Valuing Alternatives – global best practices and trends…

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Contributed by: Jainendra Shandilya, CFA

IAIP had the privilege of hosting Chris Franzek, MD, Portfolio Valuations, Duff & Phelps, for a Speaker Event at Mumbai, wherein he gave a very good perspective of valuing alternatives. Duff and Phelps is global valuation and corporate finance advisor with expertise in valuation, dispute & legal management consulting, M&A, restructuring, compliance and regulatory consulting. It carries valuation exercise in Private equity, Real estate, Leveraged Loan, Sports team, music library etc.

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Unlike the traditional investments, there are no analyst coverage for investments in private equity, hence you are the analyst responsible for valuation! Basically, there are three approaches used in valuation of Private equity. They are cost approach, market approach – in case fair market is available for similar investments – and cash flow approach (DCF approach);  similar to the one we use in the equity market. Sometimes, valuation is very challenging due to the nature of investments. Alibaba, for example, posed a great challenge for valuation as it did not have great cash flow in the beginning. In such situations one has to rely on transactions between the company and other investors. Valuations for the companies evolve over time, till they arrive at close to public values.

One has to be careful about the challenges posed by regulations. Regulatory backlashes sometimes lead to undesirable consequences, as was the case with Uber, though impact of regulation is easier to predict. Chris also highlighted the use of Capex as an important parameters of a company valuation. It gives you opportunity, offers risk, and shows the important milestones that can be achieved by a company.

Technology is very important in valuation. One has to assess the damage that may be caused by technology. Is technology detrimental to value? One has to ask such questions in order to avoid mistakes. Financing aspect is also very important in private equity. If you are asked for another round of financing, you should ask yourself whether you expected this situation. How many rounds of financing will a company need? One should be ready for this kind of situation.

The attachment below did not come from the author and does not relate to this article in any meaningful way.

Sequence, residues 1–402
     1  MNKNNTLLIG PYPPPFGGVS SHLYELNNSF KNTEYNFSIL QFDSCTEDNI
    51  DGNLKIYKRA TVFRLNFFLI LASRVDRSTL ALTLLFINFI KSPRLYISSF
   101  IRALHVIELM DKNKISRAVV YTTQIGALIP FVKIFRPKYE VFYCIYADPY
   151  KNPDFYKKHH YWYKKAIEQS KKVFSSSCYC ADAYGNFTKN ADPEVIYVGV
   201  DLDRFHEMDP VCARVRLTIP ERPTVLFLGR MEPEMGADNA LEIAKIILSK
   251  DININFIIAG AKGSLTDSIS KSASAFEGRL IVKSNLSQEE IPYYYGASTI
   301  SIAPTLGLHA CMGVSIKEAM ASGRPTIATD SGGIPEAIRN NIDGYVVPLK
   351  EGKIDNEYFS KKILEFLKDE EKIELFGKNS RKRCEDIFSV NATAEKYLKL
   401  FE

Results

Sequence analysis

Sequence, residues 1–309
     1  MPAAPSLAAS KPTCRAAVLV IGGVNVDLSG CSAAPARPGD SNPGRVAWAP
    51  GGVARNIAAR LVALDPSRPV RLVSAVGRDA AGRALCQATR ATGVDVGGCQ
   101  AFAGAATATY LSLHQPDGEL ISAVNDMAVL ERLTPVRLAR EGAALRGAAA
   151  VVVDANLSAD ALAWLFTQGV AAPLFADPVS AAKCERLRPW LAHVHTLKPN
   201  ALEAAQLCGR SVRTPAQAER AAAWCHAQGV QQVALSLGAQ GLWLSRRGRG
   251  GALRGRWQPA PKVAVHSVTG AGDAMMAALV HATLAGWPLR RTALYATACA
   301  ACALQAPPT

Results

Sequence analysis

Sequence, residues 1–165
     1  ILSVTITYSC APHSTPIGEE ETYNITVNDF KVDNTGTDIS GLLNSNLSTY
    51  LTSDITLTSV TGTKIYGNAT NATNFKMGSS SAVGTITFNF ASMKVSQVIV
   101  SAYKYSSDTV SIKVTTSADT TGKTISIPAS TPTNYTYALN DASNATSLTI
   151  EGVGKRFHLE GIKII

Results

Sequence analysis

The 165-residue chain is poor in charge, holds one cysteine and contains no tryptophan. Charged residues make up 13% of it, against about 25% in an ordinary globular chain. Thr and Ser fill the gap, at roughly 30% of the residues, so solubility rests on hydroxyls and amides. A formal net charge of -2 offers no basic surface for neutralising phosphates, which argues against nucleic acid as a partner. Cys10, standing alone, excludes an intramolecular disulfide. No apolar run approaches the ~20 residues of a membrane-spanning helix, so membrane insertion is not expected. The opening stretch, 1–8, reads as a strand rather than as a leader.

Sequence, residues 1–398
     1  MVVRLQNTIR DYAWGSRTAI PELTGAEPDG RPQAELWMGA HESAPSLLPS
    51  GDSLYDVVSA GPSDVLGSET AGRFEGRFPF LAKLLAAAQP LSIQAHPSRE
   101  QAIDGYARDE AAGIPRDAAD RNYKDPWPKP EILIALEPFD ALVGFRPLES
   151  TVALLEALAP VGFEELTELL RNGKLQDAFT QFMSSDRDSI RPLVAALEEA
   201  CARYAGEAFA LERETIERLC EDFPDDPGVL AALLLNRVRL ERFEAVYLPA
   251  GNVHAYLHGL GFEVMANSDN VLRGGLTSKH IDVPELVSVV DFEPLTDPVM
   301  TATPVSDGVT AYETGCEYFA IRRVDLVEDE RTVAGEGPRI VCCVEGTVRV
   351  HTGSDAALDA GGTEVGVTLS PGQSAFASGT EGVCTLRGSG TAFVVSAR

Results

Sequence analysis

Documentation is another very important tool for analysts in private equity valuation. The worry for an analyst is whether she has overvalued or undervalued a company. Fair value is more difficult for early stage company as the products don’t have a ready market, however, the problem is not that serious for a developed company. If a company has a business model that is alternative to already existing businesses, one has to often ask, “Why do we need it”. He said this in a context of Snap Chat – which is an alternative to emails.

Chris replied to many questions posed by audience. In response to a question on whether the next bubble will be in PE space, he quipped that he would be happy if it is so! When an equity bubble pops out it leads to repercussions in the whole market, however, in case of PE space the impact can be absorbed by a few entities which may not lead to systemic problems. Life for PE guys are not that easy – they take their job very very personally. Mistakes do happen in few cases, but, on average analysts are right in their valuations. On a question as to why do we need analyst for traditional investment space, Chris explained that companies want transparency and that is the reason they hire analysts.

Onto credit side, valuations require Enterprise Value (EV), yield analysis, premium or discount as the case may be. Next, one needs to calibrate model to adjust for premium or discount. This exercise is similar to equity valuation. Credit in case of unlisted company – one which is covered by analysts in alternative investments, are unrated and so is the company. If a senior tranche is traded, yield on the next instrument should be higher. Adjustment for liquidity should also be made keeping in mind the duration of the instrument. Private equity and venture capital are largely unregulated space in most part of the world, however, talks are on to bring these asset classes in regulatory jurisdiction. Chris talked about AIFMD in Europe, especially what the regulators desire. There is a thought going on in US to regulate this industry, the big four may also push for regulating this industry.

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About IAIP

India Association of Investment Professionals (IAIP), which is established April 2005 and located in Mumbai, is an association of local investment professionals. As one of the 136 CFA Institute member societies, IAIP connects members to a global network of investment professionals. Consisting of portfolio managers, security analysts, investment advisors, and other financial professionals, IAIP promotes ethical and professional standards within the investment industry, facilitates the exchange of information and opinions among people within the local investment community and beyond, and works to further the public’s understanding of the CFA designation and investment industry.
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